Unfortunately I haven't much time currently to write the responses I would like to write, so I only post the economic modell I had in mind and will respond later.

Key elements are having a fixed demand that depends on industrialization and defining how competition works. Currently not over quality of the goods (all have the same quality), only small for price (discounts) and mainly for relations (priority).

Demand and prices:
  • The average price for each good if demand and offer is balanced is fixed throughout the game (no inflation).
  • Every province has a base demand for different goods and pays money (being created there) for having this demand satisfied
  • This amount of money is limited
  • Are more goods offered than demanded the price will fall, so that the total return does not increase by more than XX%
  • Are less goods offered than demanded the price will increase slowly, so that the total return does decrease and the price does not exceed a limit
  • Smooth, monotonic formulas are available for this are available but can be changed
Markets and competition:
  • Each nation is a market = combined demand of all provinces
  • Competition between competing providers is via diplomatic relation and sales discount
  • One way to implement such competition is to have turns and satisfy the demand in pieces where some pieces are exclusive to providers with good relation and/or high sales discount
  • Another way is to just compute an order of importance (as in the old Imperialism) and have providers have their turn
  • Difficult question is if all should providers in one market should get the same price or different prices or if providers can set a minimal price... (unknown)
  • Exporting is meaningful because it improves relation additionally and the return can be maximized (due to saturation of demand is oversatisfied)
Growth:
  • The demand for all provinces might just increase with time
  • The demand for each province should definitely increase with increased infrastructure/industrialization in that province
  • The demand for all provinces in a nation should definitely increase with increased industrial/technological/worker level of that nation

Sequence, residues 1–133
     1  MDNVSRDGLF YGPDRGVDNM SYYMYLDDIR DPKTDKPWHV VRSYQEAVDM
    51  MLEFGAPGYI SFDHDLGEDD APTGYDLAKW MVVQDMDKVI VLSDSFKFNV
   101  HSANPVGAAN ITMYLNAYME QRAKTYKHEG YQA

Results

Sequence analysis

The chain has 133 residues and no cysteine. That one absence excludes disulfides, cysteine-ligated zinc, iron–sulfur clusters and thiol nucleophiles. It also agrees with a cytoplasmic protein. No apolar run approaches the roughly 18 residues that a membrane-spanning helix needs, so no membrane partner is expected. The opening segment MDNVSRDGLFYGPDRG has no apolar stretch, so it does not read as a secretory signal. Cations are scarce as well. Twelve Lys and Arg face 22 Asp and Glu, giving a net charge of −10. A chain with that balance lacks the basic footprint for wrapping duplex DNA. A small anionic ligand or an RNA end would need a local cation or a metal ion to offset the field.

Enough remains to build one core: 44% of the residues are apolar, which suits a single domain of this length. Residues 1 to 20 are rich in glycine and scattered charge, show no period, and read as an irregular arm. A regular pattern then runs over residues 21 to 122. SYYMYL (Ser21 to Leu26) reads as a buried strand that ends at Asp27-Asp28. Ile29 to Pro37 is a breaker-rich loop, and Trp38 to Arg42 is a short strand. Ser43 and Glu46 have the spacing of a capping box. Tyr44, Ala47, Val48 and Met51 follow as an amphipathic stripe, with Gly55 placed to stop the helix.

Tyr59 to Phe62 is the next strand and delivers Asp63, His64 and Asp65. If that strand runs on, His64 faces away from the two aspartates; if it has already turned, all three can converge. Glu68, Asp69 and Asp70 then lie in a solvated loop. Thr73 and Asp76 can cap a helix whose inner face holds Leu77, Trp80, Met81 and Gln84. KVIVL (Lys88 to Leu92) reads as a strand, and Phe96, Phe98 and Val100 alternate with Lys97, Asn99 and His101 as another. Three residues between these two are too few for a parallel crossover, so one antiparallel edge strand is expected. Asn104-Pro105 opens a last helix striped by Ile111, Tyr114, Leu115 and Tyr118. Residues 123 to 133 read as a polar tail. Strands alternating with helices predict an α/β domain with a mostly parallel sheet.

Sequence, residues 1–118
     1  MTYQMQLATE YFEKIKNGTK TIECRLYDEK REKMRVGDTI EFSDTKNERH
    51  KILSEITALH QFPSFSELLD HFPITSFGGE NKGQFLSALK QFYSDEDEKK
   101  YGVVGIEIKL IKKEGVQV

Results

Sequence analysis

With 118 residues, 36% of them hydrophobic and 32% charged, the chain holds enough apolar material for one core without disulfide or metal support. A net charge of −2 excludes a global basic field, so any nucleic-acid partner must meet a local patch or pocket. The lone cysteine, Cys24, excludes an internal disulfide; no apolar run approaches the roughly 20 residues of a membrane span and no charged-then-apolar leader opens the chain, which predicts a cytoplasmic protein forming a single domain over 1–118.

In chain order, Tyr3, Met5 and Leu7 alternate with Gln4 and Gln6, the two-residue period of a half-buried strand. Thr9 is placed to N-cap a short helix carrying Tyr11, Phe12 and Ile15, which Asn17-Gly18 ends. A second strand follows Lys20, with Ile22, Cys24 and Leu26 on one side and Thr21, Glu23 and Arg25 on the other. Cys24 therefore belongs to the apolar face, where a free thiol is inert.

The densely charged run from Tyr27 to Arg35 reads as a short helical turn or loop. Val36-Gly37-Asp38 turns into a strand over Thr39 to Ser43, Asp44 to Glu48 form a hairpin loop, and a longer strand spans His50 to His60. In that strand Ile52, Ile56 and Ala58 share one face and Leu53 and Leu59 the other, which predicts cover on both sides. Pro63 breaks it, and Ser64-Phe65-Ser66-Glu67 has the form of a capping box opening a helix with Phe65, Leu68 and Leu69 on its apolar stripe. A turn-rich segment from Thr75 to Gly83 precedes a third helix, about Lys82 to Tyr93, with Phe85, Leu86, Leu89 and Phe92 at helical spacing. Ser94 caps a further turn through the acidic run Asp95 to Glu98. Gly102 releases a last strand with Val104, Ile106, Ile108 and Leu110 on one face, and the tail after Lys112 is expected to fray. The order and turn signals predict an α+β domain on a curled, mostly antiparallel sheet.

• The exact dependence is unknown, one would need to experiment a bit
  • That means that a higher industrial level will also lead to higher demand which in turn delivers higher profit which can be invested
Profit:
  • The difference between total return of all sellings and costs is the profit
  • The profit can be spent for research, diplomacy, investments (infrastructure, industry) and upkeep military
  • Profit must increase with increased technological/industrial level. It must be worthwile to invest (unless there is competition from others which might only be solvable by militaric actions). This means that the demand must increase sufficiently with industrial development, but also not too much so that everybody becomes extremely rich. Maybe limit/normalize the global profit.
Special properties:
  • The demand of each province could vary statistically with each turn
  • Or the base price could vary statistically with each turn (both just so that it feels more realistic)
  • If demand is not meet, civil disturbance could follow or demand could even be reduced temporarily.
  • War in that province could also reduce demand temporarily
  • There are fixed costs, so you'll go down if you don't sell stuff.
Main differences to original Imperialism:
  • Minor nations do not absorb arbitrary amounts of goods
  • Related: Price depends on amount of offered goods (need rule for which price is still acceptable, offers new way for competing)
  • Existence of a home market diminishes dependence on selling to minor nations

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Some critics

Post by Xylander » Fri Apr 05, 2013 1:37 pm

Your concept is well thought and I believe we could do that. In fact it's a different approach compared to my proposed model.

I created a model that will produce the desired effects (e.g. demand increasing over time, depending on population/workforce). You defined the desired effects and suggest to implement rules/formulas accordingly. If it is well done, both will give an equal game experience.